so hello again i names sebastian i'm a phd student from then

and i am going to present now the paper with the title redundancy localisation for

the conversational iteration of unstructured responses

this is joint work with three other people might eric and ninety eight i don't

danielle a burger whose eric is a phd student in finland

and just proposed on mobile arrogant hire interning in zurich

so on

obviously d a general topic of this were is on dialogs and more specifically we

were working on a setting where a user engages in a conversation of the conversational

assistant such as the goal is then or series

that runs on a voice activated speaker

so we do not have any kind of display to convey a information we need

you a read out everything

basically all the information and we want to convey

this is important because it means that at least initially in a dialogue we should

into a you we aim to you give

concise answers and only after the user has confirmed interest in the kind of information

that we

did we get

then we can also say well basically a longer utterances


now in the past there was a work on very different types of dialogues for

example a task oriented dialogue such as restaurant booking or chat boards where users engaging


we have nowadays on the role

dialogue models

what does not what we need to re rather focus on something that could be

called informational dialogues

so this in this type of dialogue is users have and

information need that we try to satisfy

so for example a user might ask something like

what is an average



so in the setting where in the pipeline that we used

we follow the very shallow approach that is we just to the question

we for what it to a background question answering component and

information retrieval component

the cables a bunch of response candidates

that we could choose one

and as i mentioned initially we of selected the short answer such as one displayed


so that well that malaria is a disease cost by up to a small in

paris i'd transmitted by divide of in fact of mosquitoes

right there are many different options to implement such a question answering component but again

for over this we retreated as a black box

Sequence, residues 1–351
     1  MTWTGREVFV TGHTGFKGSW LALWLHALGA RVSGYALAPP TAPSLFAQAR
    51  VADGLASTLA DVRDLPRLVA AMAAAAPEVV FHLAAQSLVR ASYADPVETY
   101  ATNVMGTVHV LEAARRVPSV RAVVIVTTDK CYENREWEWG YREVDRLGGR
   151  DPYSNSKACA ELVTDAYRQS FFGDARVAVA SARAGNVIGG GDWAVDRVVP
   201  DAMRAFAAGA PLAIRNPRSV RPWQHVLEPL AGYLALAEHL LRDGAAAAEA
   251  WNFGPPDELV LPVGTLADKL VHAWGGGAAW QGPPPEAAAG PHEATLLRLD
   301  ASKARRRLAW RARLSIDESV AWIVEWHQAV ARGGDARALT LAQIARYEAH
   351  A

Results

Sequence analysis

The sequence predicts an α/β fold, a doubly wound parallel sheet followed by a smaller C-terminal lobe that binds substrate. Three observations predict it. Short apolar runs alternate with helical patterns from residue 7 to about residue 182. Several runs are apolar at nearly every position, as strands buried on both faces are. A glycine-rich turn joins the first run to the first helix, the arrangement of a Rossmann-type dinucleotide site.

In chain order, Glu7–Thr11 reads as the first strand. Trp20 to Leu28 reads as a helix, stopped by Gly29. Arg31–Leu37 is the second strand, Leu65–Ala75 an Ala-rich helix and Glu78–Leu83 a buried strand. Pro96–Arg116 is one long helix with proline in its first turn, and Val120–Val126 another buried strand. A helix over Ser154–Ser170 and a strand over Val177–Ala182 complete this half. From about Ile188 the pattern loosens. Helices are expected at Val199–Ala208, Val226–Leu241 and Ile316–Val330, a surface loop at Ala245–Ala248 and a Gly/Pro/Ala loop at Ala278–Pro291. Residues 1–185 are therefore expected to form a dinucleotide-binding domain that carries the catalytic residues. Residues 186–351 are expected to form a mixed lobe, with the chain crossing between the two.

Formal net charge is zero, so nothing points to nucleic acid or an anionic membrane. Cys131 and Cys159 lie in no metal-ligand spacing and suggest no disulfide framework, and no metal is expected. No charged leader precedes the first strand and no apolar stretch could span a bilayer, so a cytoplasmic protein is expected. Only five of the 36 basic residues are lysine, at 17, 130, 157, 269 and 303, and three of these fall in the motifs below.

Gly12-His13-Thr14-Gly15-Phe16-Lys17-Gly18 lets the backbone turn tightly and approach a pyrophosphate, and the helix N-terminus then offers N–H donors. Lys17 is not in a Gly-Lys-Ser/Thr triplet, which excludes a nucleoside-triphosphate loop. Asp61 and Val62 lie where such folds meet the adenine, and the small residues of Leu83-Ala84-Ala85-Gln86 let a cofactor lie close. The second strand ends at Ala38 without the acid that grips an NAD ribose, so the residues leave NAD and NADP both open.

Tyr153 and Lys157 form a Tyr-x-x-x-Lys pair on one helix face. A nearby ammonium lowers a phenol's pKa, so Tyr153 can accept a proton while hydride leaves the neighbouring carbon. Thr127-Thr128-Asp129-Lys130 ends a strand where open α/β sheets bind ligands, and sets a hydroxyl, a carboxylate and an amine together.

okay and what

so you focus of our work was on the problem that occurs when this

dialogue continues so

let's assume that the user all likes to kind of information that we give data

that is we are correctly understood what the user get the kind of information that

uses looking for

and the user says something like a tell me more or maybe the user issues

a follow-up responses

and then we would again go to the a question answering component and this time

you would select a longer response and what read that out in a whole that

this longer response contain some additional information that is of interest

to the user

another problem is the following this longer response o where many instances these longer responses

or partially

redundant with respect to what we have just said a like thirty seconds earlier so

in this particular example here d part and the lines

and i like that in red color is are redundant so it again mentions that

that miller a and areas cost by a parasite and that it is transmitted by

a particular kind of mosquito

so well again to sounds are redundant this is not a response that the user

would like to hear so we need to do something about this problem

and there are a two aspects to this research problem

the first aspect is that we need to understand it when and where a response

is redundant with respect to the dialogue context

that is we needed to localise redundant content in pairs of short text

so individualization here on the slide we have two rows of boxes the top role

so each box

it's suppose correspond to berkeley top row of boxes are corresponds to the first

short response the bottom row what's is the supposed to of all visualize the longer

follow-up responses

and our task is to basically selected boxes and bottom row that are redundant that

occur again

right and once we have this information then the next step is to adapt a

follow-up response to the previous dialogue context that is to discard repetitive content

okay there are many well there are few related phenomena in literature such as

task of recognizing textual entailment or the task of

semantic textual similarity both of which are deal with determining the

coarse grained relation between you short text

yes also something called interpretable semantic textual similarity which goes a little bit deeper into

d similarity of text by requiring a task participants to also provide a fine grained

alignment of the channels in that you text

so that means that was

lots of an inspiration in terms of existing models that we could

built upon an overall problem really was how

could be get our hands on data with fine grained redundancy annotation that would allow

us to train model and model in that and that problem

well one approach to get a does of course to and manually annotated but that